Ref 31. Mathews JD, Forsythe AV, Brady Z, et al. Cancer risk in 680 000 people exposed to computed tomography scans in childhood or adolescence: data linkage study of 11 million Australians. BMJ (Clinical research ed.) 2013;346:f2360. [PMC free article] [PubMed]

 

Gen consensus:  a complex febrile seizure is not automatically an indicatn for brain CT & clin eval shd determine need fr brain CT.  A comn exampl of an indicatn fr brain CT would be clin evidence of incrsd ICP.  Conversely:  Importnt to note tht ncrsd ICP is NOT always clin evident; papilledema and papillitis  have an identical apperance & only T former indicates ncrsd ICPMost EPs admit thy cannot visualize fundi well enough to use T exam!  (my personal questioning of 12,000 EPs over 30 years for oral exam simulations).  Majority state they only assess for red reflex.  Editorial comment DDC, MD.   Likewise, older EPs who have decades of experience & no cases of adverse outcome from LP: they cite funduscopic exam is more useful n older children /adults if they can cooperate w/t exam.  Today ocular US cn b used to chck for ncrs’d ICP (easy to learn techniq).  Ths z a measurmnt f T subarach spac around T optic nv. 

PHOTOPHBIA CN B USED AS A FINDING OF INTRACRANIAL CONDITNS W/T CAVEAT THAT MIGRAINE IS STILL T MCC OF PHOTOPHOBIA.  IF U CN EXCLUDE MIGRANE THN PHOTOPHOBIA BCOMS A USEFUL SIGN F AN INTRACRANIAL CONDITN:

Intracranial conditns such as meningeal irritatn frm meningitis, SAH, or pituitary tumors or CVA caus photophobia->due to irritation f T basal meninges esp around T diaphragma sellae. This pain z mediated by branches f T 1st division trigeminal nv whch innervates T meninges.

REF:  https://www.ncbi.nlm.nih.gov/pmc/articles/PMC3485070/

Migraine is T MC neurologc disordr causing photophobia, whch = 1 f T major Dxnostic criteria fr migraine per T International Classificatn f H/A Disorders–Up to 80% f migrainers hv photophobia during an attack. T ID Migraine validatn study suggestd tht T presenc f photophobia, disability, & nausea predict’d migraine ~98% f T time!

REF:  https://www.ncbi.nlm.nih.gov/pmc/articles/PMC3485070/

In a study focusing on complex febrile szrs by Teng et al tht involvd a cohort f 71 chldrn, all of whom had complex FSs, 79% appeared well, 19% appeared “unclear” based on gen appearanc, 3% appeard lethargic or inconsolabl.  In ths study, 24% hd focal szrs/14% had prolonged multipl or isolatd szrs.  LP ws performd on 10 chldrn; ALL were () fr meningitis!  Brn CT ws also obtaind in 10; NONE hd intracran pathology.  NONE f T 71 pts w/a complex FS had an intracranial abscess & none presentd w/any signif intracran patho requiring emerg attentn. A brn MRI ws obtained w/in a wk p presentatn on 36 additional subjcts; those MRIs were also () for pathology.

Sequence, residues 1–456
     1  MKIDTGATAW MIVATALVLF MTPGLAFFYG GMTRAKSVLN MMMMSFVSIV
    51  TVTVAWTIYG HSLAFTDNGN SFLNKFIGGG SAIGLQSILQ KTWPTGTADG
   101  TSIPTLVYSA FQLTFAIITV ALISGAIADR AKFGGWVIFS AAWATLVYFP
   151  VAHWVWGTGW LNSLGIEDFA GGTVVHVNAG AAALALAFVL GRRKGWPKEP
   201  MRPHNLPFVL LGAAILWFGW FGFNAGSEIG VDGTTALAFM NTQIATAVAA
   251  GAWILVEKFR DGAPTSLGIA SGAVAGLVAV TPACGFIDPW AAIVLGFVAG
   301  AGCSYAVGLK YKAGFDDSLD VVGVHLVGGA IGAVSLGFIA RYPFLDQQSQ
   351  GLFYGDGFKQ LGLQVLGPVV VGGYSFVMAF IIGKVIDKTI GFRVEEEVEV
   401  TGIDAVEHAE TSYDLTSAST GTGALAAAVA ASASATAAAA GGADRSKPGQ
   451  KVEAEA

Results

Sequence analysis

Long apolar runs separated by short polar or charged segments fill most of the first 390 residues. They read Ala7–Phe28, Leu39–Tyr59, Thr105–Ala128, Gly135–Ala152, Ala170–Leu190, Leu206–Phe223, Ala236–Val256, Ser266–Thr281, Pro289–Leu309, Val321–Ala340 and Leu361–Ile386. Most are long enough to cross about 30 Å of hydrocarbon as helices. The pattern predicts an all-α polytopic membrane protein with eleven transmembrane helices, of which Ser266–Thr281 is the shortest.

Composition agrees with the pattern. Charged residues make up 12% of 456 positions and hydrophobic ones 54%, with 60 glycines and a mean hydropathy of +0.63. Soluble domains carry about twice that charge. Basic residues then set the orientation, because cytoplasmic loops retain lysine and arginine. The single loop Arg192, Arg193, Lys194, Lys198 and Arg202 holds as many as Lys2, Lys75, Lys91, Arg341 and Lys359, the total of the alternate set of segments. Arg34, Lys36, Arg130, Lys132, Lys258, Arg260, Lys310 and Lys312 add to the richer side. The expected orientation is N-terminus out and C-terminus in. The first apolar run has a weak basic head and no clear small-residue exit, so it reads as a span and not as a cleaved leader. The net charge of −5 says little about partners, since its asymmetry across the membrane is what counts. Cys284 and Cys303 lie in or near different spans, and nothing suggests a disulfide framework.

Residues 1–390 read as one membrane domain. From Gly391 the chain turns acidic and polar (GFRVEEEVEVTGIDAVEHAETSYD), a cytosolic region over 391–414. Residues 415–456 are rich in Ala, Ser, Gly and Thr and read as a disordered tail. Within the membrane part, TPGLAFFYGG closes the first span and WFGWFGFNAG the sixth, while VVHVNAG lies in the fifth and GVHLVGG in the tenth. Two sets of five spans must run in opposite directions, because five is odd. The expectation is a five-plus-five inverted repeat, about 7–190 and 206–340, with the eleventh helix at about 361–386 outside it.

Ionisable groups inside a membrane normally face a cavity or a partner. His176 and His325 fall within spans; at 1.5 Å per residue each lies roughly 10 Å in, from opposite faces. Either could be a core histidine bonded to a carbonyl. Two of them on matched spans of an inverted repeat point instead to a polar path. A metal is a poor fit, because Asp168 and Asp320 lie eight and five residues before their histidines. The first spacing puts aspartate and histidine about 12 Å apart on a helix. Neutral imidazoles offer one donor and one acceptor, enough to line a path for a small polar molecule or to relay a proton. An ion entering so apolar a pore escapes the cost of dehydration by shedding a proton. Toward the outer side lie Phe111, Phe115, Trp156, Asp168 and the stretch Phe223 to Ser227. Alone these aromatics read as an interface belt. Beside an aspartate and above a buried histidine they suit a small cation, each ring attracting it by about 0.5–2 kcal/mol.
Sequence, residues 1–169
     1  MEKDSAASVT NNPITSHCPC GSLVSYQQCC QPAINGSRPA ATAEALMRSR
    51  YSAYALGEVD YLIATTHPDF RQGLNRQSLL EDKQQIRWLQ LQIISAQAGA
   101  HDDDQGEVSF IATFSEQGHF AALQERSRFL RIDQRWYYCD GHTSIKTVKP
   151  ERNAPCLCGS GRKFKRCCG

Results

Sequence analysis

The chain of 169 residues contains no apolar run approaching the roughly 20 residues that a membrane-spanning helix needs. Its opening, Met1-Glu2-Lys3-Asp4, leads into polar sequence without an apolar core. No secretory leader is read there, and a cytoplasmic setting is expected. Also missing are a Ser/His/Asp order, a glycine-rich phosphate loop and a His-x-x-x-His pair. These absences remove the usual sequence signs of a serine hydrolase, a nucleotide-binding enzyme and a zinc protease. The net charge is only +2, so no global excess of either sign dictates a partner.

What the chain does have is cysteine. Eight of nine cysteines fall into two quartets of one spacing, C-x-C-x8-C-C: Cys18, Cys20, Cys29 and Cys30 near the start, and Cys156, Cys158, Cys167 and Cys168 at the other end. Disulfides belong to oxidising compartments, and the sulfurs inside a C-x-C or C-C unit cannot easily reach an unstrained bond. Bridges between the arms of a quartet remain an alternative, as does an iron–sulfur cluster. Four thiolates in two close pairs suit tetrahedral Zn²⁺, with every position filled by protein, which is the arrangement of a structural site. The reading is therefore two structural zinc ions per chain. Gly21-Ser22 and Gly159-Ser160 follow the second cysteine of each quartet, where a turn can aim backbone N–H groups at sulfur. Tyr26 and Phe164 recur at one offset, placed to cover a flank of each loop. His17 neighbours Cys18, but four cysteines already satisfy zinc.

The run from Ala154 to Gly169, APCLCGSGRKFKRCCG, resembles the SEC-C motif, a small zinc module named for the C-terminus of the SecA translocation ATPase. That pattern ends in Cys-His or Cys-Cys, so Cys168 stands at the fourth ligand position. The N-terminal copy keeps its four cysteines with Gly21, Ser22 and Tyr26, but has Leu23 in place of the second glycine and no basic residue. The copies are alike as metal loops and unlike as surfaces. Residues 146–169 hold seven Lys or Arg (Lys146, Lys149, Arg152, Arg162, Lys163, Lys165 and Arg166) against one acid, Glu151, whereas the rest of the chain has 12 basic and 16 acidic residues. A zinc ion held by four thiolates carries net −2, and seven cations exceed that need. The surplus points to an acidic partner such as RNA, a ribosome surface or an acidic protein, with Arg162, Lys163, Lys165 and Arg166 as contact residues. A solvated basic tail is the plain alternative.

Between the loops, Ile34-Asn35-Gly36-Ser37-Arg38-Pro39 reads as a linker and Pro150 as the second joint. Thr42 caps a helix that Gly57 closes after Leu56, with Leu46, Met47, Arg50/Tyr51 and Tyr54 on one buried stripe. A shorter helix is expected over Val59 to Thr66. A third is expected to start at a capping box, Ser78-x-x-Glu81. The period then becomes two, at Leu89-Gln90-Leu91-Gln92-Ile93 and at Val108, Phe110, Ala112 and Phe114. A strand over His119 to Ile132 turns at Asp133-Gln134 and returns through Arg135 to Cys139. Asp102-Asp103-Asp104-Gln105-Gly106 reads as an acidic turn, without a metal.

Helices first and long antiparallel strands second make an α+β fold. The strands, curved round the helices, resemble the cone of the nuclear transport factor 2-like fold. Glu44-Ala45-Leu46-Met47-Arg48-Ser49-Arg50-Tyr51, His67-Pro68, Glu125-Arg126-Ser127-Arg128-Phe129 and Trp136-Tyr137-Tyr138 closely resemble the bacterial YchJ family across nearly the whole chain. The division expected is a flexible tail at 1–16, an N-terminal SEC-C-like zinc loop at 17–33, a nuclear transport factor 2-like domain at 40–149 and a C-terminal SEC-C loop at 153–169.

Teng stdy-conclusion: emergncy neuroimaging (brn CT) frm ED isn’t indicatd for well-appearing peds pts who present w/a 1st-time complex FS. 

AAP current rec:  chldrn w/1st simple FS: emergency neuroimaging need not be perform’d in ED. 

Brn [Brain] CT & T Afebrile Peds Szr

1 lrg retrospectv study [Sharma et al1] look’d @ ED Brn CT fr 1st-evr (nw onset) unprovokd, afebrile szr in 500 pts–1st conclusion: CT usu nt indictd! 

Othr Main Conclusn:  Gave Two 1° critria fr hi-rsk cln signif abnl stdy (indicatns to do CT): 

1.  Any focal szr pt age <33 mos.

2.  Presence of a predisposng cnditn [order CT]:

1.  Focal szr, focal neuro deficit(s) or prolong’d szr [any status:  pt ma evn b atonic]

2.  VP shnt

3.  Sign of ncrsd ICP or Signs of neurocutaneous disorder

4.  Known travel to area endemic for cysticercosis

5.  Immunocompromis’d (HIV)/cancer pt/malnourish’d

6.  “Hypercoag” pts (thrombophilia pts):  Cancer pt; SS disz; prot C/S deficiency & othrs [some present @ birth/othrs acquir’d], lupus, antiphospholipid abs, elevat’d homocysteine (vit B12/folate deficits), antithrombin III defic, Factor V Leiden Mutation, othr vasculitis]–any are good as TI [Test item]

7.  “Bleeding disordrs”-e.g. factor VIII/IX deficiency, therapeutic anticoagulatn

8.  Closd head njury (if the head injury ws assocd w/loss f consciousns)

9.  Recent visit to any health care (implies acut or chronicaly medically ill)

10. Any AMS (GCS <15); (always consider suspct shakn baby syndr)-Test item [TI]

11.  Vomiting (in all literature 2 or more episodes is an indicatn to study w/acut head njury)

12.  Close temporal relation to T szr

T Sharma study1 concluded:  children w/these high risk conditns shd hv emergency brain CT from ED. T study also concluded tht those who met low risk criteria and were well appearing cd be safely sent home as long as f/u cd b assur’d.

If EP bliev’s meningits z cz f a FS [febrile szr], LP shd b dn!  [Note:  Szr, in general, z Nt a comn prsntatn fr meningits!]

REPETITION IS GOOD

Brn CT prior to LP?–Mst studies:  CT isn’t usful bfr LP! [still many EPs worry abt ncrs’d ICP/ordr CT out f routine (often prior to proper hx/complete exam): ths z discourag’d!  It is still not uncommon for a unit secretary to order such a test: very unethical practice.  

REPETITION IS GOOD

Again, order CT:  Imunocmprms’d (e.g., suspct brn abscs), (vomiting, new anisocoria, dilated sluggish pupils and/or obtund’d, focality exam or papiledma* =>ncrsd ICP), suspct endocarditis => brn emboli, [+] sun-settng sign = eyes down/inward w/smal pupils => pretectal ncrsd ICP @ p

*Papilledema is not distinguishable frm papillitis as in MS (MS is NOT usu a peds Dx)